Small herbaceous plants of woods and fields; flowers are blue, purple, white, or yellow, according to species; deep green, heart-shaped leaves in basal rosettes or on ascending stems; a good groundcover and a vigorous self-seeder.
By Pamela Johnson
There is a charming tale told in Jack Sanders’ Hedgemaids and Fairy Candles about John Bartram’s transformation from colonial farmer to America’s first botanist. Bartram (1699-1777), “weary” from ploughing his fields along the Schuylkill River, outside Philadelphia, took “repose” in an uncultivated spot nearby. According to Sanders and others, Bartram picked a violet and suddenly thought he would prefer to study flowers rather than till them under his plough. Bartram soon hired someone else to work his farm, and embarked upon the first of many botanical expeditions, first in borrowed books, then on horseback throughout the wildernesses of the Eastern seaboard.
That a native violet inspired Bartram’s singular career, in which he eventually introduced many New World plants to the gardeners and gardens of Britain, seems fitting. Except that it was a common field daisy, not a violet, that re-directed Bartram’s life. J. Hector St. John de Crèvecœur (1735-1813) records Bartram’s own words in de Crèvecœur’s Letters From An American Farmer:
. . . one day I was very busy in holding my plough (for thee see’st that I am but a ploughman), and being wary I ran under the shade of a tree to repose myself. I cast my eyes on a daisy; I plucked it mechanically and viewed it with more curiosity than common country farmers are wont to do, and observed therein very many distinct parts…’what a shame,’ said my mind…that thee shouldest have employed so many years in tilling the earth and destroying so many flowers and plants without being acquainted with their structures and their uses![i] This seeming inspiration suddenly awakened my curiosity, for these were not thoughts to which I had been accustomed.[ii]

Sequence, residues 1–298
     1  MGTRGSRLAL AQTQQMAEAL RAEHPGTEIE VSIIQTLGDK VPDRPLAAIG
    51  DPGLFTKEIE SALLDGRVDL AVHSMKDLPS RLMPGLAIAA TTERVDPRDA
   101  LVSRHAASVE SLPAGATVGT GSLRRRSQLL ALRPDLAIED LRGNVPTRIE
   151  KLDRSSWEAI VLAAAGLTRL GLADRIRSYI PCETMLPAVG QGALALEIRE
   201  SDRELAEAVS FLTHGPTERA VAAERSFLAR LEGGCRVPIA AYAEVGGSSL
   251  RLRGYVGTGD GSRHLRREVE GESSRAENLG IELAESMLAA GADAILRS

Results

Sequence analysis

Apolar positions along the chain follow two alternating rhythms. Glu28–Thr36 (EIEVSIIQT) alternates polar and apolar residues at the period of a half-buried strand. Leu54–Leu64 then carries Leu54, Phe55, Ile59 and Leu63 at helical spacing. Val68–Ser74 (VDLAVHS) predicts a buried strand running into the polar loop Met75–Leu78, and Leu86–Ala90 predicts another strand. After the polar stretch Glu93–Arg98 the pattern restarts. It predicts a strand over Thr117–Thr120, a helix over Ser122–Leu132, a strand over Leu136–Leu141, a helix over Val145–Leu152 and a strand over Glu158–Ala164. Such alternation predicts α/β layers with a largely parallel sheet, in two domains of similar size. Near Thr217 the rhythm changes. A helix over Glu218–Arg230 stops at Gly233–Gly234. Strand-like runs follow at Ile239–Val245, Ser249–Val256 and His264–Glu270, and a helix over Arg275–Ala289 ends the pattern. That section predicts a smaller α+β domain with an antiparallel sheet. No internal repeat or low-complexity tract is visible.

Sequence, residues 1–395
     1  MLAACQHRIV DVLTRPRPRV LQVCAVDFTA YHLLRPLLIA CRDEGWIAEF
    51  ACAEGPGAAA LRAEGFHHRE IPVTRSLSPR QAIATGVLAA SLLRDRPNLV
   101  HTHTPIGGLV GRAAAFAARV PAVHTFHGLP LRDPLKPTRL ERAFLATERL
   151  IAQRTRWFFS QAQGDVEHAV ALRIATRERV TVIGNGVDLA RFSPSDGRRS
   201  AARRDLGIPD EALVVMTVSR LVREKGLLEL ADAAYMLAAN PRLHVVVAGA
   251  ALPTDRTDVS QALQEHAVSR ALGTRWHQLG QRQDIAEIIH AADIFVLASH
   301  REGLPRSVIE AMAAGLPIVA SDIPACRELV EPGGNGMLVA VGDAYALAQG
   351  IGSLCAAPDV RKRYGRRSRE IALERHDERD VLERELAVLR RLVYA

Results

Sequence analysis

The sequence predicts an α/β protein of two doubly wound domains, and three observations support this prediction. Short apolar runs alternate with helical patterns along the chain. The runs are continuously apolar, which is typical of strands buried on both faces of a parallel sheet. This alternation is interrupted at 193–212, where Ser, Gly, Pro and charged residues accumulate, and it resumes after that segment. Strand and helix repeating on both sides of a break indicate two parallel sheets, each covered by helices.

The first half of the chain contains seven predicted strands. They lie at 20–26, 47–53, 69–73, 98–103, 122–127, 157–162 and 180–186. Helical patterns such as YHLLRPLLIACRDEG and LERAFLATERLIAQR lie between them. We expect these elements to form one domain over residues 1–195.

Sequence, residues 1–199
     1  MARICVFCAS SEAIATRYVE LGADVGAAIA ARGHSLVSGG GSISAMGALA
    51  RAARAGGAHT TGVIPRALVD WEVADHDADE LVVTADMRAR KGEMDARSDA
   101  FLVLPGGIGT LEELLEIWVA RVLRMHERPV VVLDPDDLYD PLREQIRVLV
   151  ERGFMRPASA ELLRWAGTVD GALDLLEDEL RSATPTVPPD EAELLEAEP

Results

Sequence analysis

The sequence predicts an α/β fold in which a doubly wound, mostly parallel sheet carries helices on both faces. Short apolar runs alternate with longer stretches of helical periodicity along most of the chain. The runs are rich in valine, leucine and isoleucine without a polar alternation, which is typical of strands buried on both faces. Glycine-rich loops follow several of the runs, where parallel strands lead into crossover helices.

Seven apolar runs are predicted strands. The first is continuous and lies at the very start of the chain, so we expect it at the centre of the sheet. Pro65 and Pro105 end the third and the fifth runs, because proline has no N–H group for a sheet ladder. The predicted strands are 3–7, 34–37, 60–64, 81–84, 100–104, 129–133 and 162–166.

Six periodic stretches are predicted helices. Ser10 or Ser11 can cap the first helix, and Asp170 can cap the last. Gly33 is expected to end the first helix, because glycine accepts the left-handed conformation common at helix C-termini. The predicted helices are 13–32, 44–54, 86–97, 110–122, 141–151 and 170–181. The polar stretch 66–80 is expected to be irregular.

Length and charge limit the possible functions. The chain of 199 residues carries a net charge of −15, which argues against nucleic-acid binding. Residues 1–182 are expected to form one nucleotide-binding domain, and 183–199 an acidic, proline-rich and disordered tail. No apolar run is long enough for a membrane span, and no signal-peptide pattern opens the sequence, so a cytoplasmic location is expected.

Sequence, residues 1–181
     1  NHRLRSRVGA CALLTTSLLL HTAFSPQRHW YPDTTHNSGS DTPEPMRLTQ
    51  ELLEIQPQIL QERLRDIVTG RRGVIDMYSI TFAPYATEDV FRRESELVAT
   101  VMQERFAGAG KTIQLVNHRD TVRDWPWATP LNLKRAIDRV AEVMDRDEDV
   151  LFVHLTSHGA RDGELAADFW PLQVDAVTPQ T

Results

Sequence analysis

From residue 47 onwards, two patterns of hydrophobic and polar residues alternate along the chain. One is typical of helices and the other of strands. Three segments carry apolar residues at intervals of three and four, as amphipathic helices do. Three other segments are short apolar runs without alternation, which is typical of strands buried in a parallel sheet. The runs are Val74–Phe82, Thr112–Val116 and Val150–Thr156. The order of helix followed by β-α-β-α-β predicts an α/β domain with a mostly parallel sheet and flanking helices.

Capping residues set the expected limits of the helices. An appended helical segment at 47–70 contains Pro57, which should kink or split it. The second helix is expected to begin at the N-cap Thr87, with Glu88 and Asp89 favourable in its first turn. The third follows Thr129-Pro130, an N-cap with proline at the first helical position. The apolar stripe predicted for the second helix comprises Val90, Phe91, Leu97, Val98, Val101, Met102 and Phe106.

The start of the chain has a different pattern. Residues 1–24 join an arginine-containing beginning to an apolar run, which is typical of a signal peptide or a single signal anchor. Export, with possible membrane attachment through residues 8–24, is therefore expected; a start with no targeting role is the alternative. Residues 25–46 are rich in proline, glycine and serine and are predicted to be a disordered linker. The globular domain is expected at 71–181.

How did a white daisy become a blue violet in the retelling of Bartram’s epiphany? It could have been a bit of patriotic burnishment: better a native violet to inspire, rather than a mundane plant that probably emigrated to the New World in the matted fur, fleece, or hide of some imported seventeenth-century livestock. Or it could have been the ubiquity, and ease of recognition of violets – simple enough to locate in a meadow or hedgerow, but still possessed with some charm and romance.
Violets are found in temperate regions worldwide; there are perhaps five hundred species, though numbers are approximated because violets hybridize easily, no matter where they grow. Along the wilder edges of Bartram’s field there would certainly have been a smattering of native violets. And his plough would probably have turned under an Old World hitchhiker the Johnny-Jump-Up, or heartease, Viola tricolor.
Early settlers were prepared to identify native violets from the familiarity and similarity of species included in English and European herb gardens. Centuries before, violets were mythologized in resurrection tales. Aristophanes (448?-385? B.C.), the Greek poet, called Athens “the violet-crowned city” whose King Ion may have given the violet its name. The seventh-century Arab prophet Muhammed favored violets above all other flowers. In the thirteenth century, Genghis Khan was said to have moved westward with his army of Tartars subsisting on violet roots. Shakespeare garlanded Ophelia with violets, in life and death, and called the violet’s complexion “purple pride”, in Sonnet 99.